Next, after going through the first half of the Kaplan book I started doing practice questions by system on this website: http://nurseslabs.com/nclex-practice-questions/. They have over 3500 NCLEX style questions that are organized based on system or over-arching category. At this point in my studying, it was still nice to have everything broken down into different sections. I would try to do anywhere between 300-500 questions per day, which I know seems excessive but it was really helpful for me. Even though sometimes I didn’t want to, I had to make sure to go through all the rationales for each question – even the ones I got correct!

I didn’t complete all of the 3500+ questions, but after I had been through a few different practice quizzes for each section and was scoring decently (around 60-65% on average), I decided to move onto the Kaplan Q Bank. You can buy a month up to a year subscription of NCLEX style review questions on their website, and I believe that these were significantly harder than any other practice test I had taken. The site is designed to look like the NCLEX exam which is helpful to get you prepared for what you’ll see at the testing center.  I didn’t get through all of these questions either but tried to finish a little over half of them before it was time for me to take the exam.

With about a week left of study time, I created a Quick Facts Study Guide (pdf here: nclex-reminders) that had lab values and other quick information that was necessary to know for the exam. To create it, I used notes from various last minute notes for the NCLEX that I found online so, in essence, it is a combination of what a lot of people thought were critical to know for the exam. Each night I would review this guide and jot down other things that I thought was important to remember based on the practice questions that I had seen that day.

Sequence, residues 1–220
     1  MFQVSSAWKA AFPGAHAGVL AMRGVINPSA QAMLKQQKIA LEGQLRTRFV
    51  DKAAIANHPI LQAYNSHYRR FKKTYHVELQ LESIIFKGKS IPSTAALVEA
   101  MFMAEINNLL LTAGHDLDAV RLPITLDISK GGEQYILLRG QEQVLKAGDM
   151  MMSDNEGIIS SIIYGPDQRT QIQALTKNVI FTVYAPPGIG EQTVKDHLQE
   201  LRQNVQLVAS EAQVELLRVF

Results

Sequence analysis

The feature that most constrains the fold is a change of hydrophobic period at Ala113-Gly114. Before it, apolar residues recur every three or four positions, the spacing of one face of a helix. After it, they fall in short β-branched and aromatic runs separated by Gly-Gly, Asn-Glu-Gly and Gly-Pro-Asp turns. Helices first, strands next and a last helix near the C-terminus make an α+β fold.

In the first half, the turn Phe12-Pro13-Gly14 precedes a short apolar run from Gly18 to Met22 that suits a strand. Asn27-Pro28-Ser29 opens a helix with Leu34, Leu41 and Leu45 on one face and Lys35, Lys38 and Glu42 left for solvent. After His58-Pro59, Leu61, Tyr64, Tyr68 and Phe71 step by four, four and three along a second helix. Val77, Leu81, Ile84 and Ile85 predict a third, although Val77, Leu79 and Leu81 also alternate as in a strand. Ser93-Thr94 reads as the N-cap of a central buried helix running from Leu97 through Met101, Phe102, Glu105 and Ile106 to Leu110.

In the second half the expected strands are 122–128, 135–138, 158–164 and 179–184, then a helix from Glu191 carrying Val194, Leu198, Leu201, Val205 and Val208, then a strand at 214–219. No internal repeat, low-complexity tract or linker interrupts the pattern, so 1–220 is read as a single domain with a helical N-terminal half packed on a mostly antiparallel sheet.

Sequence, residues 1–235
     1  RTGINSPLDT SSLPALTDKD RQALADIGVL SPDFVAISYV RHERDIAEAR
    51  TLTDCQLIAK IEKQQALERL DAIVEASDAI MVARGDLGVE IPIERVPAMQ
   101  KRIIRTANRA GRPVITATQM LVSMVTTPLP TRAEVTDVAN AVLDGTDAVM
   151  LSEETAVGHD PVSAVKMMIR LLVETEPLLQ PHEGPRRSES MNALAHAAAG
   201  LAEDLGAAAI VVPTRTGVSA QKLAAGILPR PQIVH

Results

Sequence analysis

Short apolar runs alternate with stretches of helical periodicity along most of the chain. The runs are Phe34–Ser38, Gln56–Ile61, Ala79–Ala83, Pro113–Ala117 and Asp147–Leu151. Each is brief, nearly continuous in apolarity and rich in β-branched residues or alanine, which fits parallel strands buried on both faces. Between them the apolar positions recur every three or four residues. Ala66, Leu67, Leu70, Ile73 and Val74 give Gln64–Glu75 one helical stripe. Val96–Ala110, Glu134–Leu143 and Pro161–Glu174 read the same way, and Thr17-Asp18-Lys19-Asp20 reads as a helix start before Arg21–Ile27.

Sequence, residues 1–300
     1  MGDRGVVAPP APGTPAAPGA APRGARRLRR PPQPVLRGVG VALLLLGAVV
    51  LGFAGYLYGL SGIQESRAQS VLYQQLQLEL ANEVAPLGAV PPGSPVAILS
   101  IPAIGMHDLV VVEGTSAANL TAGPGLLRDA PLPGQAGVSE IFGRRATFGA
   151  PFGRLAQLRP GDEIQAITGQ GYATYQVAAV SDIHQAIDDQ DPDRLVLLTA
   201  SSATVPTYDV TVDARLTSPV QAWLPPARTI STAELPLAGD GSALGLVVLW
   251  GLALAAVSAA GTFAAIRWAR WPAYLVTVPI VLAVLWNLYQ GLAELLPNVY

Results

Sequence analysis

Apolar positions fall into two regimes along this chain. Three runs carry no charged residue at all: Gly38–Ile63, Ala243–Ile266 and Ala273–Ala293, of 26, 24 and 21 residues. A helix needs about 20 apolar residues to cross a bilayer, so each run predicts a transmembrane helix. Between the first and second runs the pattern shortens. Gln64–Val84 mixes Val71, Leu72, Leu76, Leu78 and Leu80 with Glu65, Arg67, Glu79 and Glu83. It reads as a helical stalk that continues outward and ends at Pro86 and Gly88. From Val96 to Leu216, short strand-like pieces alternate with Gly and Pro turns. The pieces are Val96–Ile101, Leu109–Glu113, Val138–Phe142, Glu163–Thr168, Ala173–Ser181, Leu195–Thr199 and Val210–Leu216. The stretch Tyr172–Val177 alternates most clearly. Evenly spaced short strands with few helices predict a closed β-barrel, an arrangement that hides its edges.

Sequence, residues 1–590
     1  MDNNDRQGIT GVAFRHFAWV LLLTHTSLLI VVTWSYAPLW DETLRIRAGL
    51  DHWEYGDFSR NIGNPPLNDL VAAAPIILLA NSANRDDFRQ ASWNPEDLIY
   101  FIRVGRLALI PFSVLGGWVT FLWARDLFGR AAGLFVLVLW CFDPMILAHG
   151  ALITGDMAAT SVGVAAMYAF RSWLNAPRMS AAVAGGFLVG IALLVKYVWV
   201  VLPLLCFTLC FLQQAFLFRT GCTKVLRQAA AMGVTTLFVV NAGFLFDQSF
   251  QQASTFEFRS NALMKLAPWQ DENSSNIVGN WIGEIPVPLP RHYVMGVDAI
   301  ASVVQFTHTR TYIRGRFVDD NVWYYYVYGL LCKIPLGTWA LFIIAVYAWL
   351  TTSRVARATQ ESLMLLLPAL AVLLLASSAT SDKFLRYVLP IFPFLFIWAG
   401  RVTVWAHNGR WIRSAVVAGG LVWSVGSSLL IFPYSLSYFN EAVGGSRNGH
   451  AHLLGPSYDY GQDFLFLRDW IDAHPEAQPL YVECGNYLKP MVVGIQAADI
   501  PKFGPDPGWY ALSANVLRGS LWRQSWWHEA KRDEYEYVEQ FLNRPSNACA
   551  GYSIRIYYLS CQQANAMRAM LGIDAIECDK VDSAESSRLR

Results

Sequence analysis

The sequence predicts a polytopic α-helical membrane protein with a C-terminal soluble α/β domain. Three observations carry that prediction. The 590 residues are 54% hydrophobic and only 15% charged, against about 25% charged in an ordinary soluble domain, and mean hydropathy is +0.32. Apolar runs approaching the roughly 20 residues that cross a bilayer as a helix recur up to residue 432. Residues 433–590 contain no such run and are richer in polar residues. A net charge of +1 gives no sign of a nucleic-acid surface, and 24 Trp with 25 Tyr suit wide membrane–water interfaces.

A few days before my exam took the two full-length practice tests that came with the book that I purchased (one online and one in the book). This helped me realize how much stamina I would need if I theoretically were to need all 265 questions.

I know that on the day before and the day of the test people say not to study at all but of course, I did. If you know you don’t do will with this, don’t do it! I read everywhere online not to study the day before or the day of, but I know that is not how I function. Whether or not last minute facts stuck with me they did help ease my mind that I was actively still trying to learn more. The entire exam took me about an hour and thirty minutes and the computer shut off after 75 questions. This was very nice because even though it had only been an hour and a half I really couldn’t image staying there for six hours! So all in all, I passed, and I hope some of my study guides and experiences can help others do the same!

Other notes:

I made and attached a calendar  of how I broke down my studying the month before my exam. I tried to have “light days” on the weekend, but I did not skip a day.

(pdf version of calendar here: nclex-calendar)

nclex-calendar

A note about Q-bank questions: These were the hardest questions by far. I read online that above 65% of these was indicative of passing. On average I was getting between 49-59%, so I felt nervous. A few scores were higher but not typically. Although I only got through a little over half of the Q bank, I tried to do as many as I could each day, anywhere between 150 and 300. Typically I would do the max number each time in addition to selecting “all” for the questions to simulate what a real exam would look like. Sometimes, when I would go over one practice test and identify an area in which I wasn’t doing well,  I would do about 20 questions of just that section.